WeaselsRising Thu 29-Aug-19 17:10:42

Mine are cats, not dogs, but it's a similar thing. We've had cats for 36 years. We always had moggies, they went in and out as they pleased and after the initial vaccinations we didn't get them renewed. All our cats either got run over at some point, or they lasted well into their teens.

We bought 2 pedigree cats which had to stay indoors. Regular jabs, regular health checks. Cat 1 (we believe) poisoned herself from flea treatment, had seizures, 3 trips to vet and died. Insurance paid out for all treatment plus cost of replacement cat.

Bought 2 cross breed kittens, took out insurance. Had all jabs and kept indoors. Lost both to leukaemia (from mother, according to vet) before they were a year old. Insurance paid out for expensive treatment and PTS.

Cat 2 stopped eating, lost loads of weight. Insurance paid out, but not for subsequent £££ dental work which was not covered.

Replacement cat for cat 1 and kittens so far has been well. Insured. So far we have had ££££ more than we have paid out.

Insurance is because you don't know what will happen. You could pay out for years and never claim. But if you need to claim and you have no insurance can you pay the vet?

WeaselsRising Thu 29-Aug-19 17:11:40

Meant to add, have you tried Bought By Many?

acabria Thu 29-Aug-19 17:13:50

We self-insure. Cost us 1,000 in 2016 and 2,000 last year but no other costs apart from vaccinations (8 year old large breed dog)

Small print on insurance was no coverage for routine vaccinations or dental. Then £80 excess for every new thing. Then plan limits and not covering stuff from year to year. And coverage gets more restrictive as they get older.

Vet knows we are not insured. We have discussions like "if you were insured we'd send you for a 2K MRI just to be sure its not X low-proabability issue- but you're not so we'll observe for a few weeks and if its not better, then go for MRI)" Most times dog gets better.

Sort of a catch-22 - "I was insured and it cost me £12,000", was all that 100% necessary. I survive on NHS-level healthcare, why should my dog have private-level healthcare.

I put £30/month away. Think insurance would cost £80.

BiteyShark Thu 29-Aug-19 17:19:22

I do have access to money that would pay for most operations but I still get insurance because it is much easier to manage small amounts each month than suddenly have to stump up thousands of pounds that you have allocated for something else. I also don't want money to sway any clinical decision and if you are facing a bill of thousands and you don't have that then it undoubtably makes a difference.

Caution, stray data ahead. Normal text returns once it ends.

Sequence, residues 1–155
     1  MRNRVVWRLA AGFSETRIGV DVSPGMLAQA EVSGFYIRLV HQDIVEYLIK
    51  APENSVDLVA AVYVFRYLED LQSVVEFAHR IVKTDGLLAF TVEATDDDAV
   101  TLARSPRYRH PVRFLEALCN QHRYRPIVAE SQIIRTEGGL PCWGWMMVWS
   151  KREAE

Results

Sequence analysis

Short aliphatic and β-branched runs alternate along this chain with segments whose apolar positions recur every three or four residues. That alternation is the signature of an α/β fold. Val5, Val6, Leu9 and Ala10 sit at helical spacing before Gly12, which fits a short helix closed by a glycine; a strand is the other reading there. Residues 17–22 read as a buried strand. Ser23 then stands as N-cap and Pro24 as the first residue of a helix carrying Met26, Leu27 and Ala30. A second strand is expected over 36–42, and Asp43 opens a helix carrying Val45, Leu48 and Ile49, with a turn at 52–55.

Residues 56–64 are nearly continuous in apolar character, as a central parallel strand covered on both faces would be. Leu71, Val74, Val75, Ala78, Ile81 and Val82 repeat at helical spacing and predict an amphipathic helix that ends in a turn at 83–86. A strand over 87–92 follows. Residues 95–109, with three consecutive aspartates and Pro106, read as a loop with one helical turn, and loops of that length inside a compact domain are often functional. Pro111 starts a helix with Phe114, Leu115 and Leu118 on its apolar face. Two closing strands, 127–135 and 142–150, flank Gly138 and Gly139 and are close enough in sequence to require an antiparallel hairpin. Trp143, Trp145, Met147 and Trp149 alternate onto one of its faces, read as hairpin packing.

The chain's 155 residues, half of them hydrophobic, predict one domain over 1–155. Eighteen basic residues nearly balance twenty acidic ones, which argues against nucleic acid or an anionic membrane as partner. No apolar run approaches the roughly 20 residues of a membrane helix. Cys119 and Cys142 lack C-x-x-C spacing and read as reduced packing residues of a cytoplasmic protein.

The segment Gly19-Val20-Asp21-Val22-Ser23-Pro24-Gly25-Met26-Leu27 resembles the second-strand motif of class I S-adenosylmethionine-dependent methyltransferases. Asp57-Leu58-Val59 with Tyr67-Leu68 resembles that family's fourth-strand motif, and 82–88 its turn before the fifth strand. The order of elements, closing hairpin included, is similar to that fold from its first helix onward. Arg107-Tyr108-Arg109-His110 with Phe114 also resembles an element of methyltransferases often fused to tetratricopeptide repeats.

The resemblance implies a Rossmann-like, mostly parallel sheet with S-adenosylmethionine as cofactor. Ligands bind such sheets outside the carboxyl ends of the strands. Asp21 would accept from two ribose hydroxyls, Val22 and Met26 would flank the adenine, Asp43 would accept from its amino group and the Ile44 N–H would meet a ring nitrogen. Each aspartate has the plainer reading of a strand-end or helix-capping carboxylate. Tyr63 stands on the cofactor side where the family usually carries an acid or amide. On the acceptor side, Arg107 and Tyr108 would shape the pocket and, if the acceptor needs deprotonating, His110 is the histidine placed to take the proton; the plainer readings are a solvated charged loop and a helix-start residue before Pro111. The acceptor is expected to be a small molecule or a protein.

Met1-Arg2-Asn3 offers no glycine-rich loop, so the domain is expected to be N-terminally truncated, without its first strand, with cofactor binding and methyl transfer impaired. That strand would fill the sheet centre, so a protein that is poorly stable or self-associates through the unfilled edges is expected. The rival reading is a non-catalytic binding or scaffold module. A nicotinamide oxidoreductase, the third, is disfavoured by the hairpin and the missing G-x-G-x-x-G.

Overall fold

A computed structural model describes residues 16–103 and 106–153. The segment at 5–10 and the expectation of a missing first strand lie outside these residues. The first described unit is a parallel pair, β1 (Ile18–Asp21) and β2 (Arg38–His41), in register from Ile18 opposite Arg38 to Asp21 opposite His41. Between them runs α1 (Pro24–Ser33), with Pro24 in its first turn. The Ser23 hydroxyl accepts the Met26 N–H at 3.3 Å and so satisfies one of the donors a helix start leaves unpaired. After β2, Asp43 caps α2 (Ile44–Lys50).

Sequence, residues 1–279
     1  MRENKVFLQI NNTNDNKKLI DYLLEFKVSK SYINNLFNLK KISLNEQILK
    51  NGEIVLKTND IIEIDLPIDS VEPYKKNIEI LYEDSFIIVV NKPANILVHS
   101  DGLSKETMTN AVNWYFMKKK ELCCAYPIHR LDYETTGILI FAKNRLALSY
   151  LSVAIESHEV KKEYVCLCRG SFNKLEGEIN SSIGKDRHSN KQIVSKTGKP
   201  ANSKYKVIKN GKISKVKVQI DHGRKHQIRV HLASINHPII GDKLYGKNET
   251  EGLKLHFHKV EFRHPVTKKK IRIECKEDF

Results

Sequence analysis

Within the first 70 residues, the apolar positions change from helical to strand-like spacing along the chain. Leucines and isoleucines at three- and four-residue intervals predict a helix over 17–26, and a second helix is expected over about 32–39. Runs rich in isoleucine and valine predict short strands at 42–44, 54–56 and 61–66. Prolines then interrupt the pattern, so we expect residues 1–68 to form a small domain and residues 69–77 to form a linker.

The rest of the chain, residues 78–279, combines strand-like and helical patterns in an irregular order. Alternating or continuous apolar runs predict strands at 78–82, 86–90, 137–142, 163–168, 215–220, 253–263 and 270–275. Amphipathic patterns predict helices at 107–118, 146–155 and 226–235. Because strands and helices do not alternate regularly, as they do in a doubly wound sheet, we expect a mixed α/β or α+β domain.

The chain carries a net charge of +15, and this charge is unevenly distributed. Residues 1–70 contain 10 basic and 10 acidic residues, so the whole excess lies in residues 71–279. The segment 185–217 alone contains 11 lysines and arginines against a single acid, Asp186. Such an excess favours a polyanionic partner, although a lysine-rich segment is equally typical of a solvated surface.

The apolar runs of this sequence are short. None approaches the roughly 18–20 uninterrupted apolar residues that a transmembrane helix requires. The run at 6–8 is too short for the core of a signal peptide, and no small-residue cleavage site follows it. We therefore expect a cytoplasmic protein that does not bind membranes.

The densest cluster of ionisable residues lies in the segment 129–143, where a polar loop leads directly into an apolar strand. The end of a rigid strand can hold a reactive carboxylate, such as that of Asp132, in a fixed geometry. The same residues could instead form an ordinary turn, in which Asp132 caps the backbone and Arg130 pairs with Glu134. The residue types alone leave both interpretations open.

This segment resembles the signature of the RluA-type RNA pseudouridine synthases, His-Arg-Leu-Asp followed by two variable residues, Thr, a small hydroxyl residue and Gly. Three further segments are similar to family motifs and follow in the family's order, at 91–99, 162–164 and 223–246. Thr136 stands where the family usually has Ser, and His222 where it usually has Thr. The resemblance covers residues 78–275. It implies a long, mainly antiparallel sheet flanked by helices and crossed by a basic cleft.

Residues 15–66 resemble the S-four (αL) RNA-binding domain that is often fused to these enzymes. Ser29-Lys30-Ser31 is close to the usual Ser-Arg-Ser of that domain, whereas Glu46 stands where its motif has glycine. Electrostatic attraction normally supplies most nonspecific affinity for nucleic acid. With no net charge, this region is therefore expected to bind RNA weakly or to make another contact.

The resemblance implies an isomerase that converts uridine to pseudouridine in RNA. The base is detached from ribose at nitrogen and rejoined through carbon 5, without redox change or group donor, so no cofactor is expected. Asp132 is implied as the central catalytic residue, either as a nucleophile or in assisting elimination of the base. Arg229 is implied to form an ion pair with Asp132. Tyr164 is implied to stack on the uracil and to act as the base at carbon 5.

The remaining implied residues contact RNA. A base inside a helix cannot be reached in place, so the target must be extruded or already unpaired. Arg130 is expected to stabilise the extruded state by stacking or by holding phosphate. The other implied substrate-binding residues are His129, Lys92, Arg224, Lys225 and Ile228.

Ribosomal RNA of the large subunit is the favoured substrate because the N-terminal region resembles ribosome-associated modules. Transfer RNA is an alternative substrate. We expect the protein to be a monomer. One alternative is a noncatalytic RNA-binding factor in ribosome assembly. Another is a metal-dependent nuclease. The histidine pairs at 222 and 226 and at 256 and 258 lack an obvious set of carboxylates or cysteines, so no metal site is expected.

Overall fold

Even if you have a 'healthy' dog they are only healthy until they aren't. Mine had an injury out walking that would have cost £5000 to correct if he had needed surgery. If you put your premiums away every month it is going to take a long time to get to that amount and vets want paying straight away (unless you are insured then they will deal direct if you are with one of the better companies). Accidents can happen at any age but more often when young when the running about. Obviously risk of a serious illness increases as you get older so there isn't a good time not to be insured imo.

acabria Thu 29-Aug-19 17:20:16

Yeah just checked Petplan, wow £95/month, excess £95, max claim £3000, and nothing covered for more than a year. Crazy.

Raphael34 Thu 29-Aug-19 17:21:05

I always pay for pet insurance for the first year for a new puppy etc as you never know what genetic problems may arise. After that I do as you say and just put money away every month. It’s worked out well for me so far. My last dog was a shar pei, the most unhealthiest breed apart from English bulldogs. In the first year he needed treatment to a cut neck, 2 operations for eye antropia and ended up catching mange which was a nightmare to treat. It was costing me £60 a month for a gold package for that year, I claimed over 5k insurance. The next year it understandably went up to £90 a month and they offered me practically nothing for my money so I just put a bit away, luckily he’s needed nothing near that since